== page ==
Disney’s $1 Billion Experiment In Crowd Control, Data Collection, and Wearable Technology That Could Change the Way People Play
—and Spend
Article: Disney Bets $1 Billion on Technology to Track Theme-Park Visitors "Jason McInerney and his wife, Melissa, recently tapped their lunch orders onto a touchscreen at the entrance to the Be Our Guest restaurant at Florida’s Walt Disney World Resort and were told to take any open seat. Moments later a food server appeared at their table with their croque-monsieur and carved turkey sandwiches. Asks McInerney, a once-a-year visitor to Disney theme parks: “How did they know where we were sitting?” The answer was on the electronic bands the couple wore on their wrists. That’s the magic of the MyMagic+, Walt Disney’s (DIS) $1 billion experiment in crowd control, data collection, and wearable technology that could change the way people play—and spend—at the Most Magical Place on Earth." Originally published in Businessweek
MUSEUM STORE GARAGE SALE UNDER WAY AT ST. LOUIS ZOO "A few hundred bargain hunters already have browsed marked-down items from a dozen St. Louis area attractions at the annual St. Louis Museum Stores Garage Sale. The sale is organized by the St. Louis Museum Stores. Organizers say it gives local attraction gift shops a chance to make some money while clearing out some of their inventory." Read the entire article originally published in St. Louis Today
Historic Home Creates New Earned Income from Catering Services Article: Beverly Hills Mansion Open Doors to History "The mysterious old house on the hills just opened its doors. Greystone Mansion in Beverly Hills, famous as the setting of the opening of Raymond Chandler's 'The Big Sleep' and the bowling alley murder in the movie 'There Will Be Blood' will now host corporate parties." Originally published in the Los Angeles Business Journal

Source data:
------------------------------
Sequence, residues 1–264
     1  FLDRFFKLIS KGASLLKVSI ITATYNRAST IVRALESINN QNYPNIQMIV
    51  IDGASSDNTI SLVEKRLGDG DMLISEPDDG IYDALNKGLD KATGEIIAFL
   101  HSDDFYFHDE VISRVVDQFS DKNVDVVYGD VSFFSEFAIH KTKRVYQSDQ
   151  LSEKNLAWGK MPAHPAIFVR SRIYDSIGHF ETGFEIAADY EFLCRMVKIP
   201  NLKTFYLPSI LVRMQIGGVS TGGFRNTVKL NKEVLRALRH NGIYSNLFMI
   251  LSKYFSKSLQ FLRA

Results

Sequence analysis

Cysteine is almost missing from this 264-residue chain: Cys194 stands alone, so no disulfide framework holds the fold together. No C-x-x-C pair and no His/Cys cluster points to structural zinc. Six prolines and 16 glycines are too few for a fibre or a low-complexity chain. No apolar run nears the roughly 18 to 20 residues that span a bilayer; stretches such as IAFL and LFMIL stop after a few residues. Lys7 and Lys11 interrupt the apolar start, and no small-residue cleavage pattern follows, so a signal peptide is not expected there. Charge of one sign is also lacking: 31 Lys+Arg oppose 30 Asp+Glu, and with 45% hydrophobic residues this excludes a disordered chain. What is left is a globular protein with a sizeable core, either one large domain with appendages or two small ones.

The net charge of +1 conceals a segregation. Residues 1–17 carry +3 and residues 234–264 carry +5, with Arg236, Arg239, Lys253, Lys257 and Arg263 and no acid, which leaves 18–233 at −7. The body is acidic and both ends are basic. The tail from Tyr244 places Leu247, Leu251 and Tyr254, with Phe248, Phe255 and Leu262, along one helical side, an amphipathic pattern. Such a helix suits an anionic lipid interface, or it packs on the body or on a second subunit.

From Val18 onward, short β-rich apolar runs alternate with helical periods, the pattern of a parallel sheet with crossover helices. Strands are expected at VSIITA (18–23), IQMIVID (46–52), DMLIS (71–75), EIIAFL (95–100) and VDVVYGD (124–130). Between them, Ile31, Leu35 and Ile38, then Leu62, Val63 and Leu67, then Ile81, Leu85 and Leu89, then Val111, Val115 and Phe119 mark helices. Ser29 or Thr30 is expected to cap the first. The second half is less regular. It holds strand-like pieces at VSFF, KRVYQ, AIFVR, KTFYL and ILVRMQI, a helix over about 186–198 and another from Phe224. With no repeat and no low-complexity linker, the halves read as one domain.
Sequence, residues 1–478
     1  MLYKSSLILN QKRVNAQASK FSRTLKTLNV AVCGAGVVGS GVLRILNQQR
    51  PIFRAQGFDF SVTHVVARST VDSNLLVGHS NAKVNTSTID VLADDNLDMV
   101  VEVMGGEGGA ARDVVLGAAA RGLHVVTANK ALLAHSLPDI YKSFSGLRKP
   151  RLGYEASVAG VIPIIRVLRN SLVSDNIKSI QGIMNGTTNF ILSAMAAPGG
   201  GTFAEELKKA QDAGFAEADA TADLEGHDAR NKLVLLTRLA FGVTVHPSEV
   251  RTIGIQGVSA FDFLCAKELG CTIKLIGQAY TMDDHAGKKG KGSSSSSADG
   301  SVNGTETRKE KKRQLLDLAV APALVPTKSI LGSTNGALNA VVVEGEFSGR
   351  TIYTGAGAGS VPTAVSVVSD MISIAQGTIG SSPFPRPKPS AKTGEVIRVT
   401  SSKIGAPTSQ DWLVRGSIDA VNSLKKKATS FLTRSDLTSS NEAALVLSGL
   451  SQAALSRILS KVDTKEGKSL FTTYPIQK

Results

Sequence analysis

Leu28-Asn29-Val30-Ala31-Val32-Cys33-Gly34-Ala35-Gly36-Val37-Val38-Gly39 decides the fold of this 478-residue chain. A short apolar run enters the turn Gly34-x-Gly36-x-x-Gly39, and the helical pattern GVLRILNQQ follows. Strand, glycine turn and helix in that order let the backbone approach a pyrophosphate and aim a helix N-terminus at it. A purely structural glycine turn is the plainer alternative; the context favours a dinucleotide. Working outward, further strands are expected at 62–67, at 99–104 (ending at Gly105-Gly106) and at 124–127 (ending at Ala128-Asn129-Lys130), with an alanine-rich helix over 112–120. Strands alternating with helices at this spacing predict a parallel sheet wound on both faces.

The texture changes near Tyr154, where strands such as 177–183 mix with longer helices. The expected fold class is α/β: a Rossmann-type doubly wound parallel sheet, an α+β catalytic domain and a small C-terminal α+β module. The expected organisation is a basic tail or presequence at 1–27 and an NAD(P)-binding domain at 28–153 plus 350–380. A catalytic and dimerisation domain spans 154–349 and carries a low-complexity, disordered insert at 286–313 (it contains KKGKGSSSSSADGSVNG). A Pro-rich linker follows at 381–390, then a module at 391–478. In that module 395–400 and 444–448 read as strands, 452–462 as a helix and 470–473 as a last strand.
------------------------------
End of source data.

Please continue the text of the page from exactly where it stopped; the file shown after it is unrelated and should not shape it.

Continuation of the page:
Museum Unveils New Café as Part of Expansion Article: Boston's Café G Moves to a New Level "There was a time, many years ago, when restaurants in museums were nothing special, they were merely designed to offer a place for art lovers to take a break and grab coffee and a snack. Today, museum restaurants and cafés strive to reach a higher ground, many of them becoming destinations in their own right. At the Isabella Stewart Gardner Museum, Boston, Café G is part of Renzo Piano Building Workshop's stunning new wing..." Originally published in the FCSI The Americas Quarterly
Art Museum's Restaurant in NYC Connects Art Collection & Dining Experience Article: Flow, Harmony, Salad At the Art Museum "At the helm of Serai, the new restaurant at the Rubin Museum of Art, chef Ali Loukzada doesn't have to look far for culinary inspiration. He draws on the museum's Himalayan art collection to create 'flow and harmony in the food,' he says." Originally published in The Wall Street Journal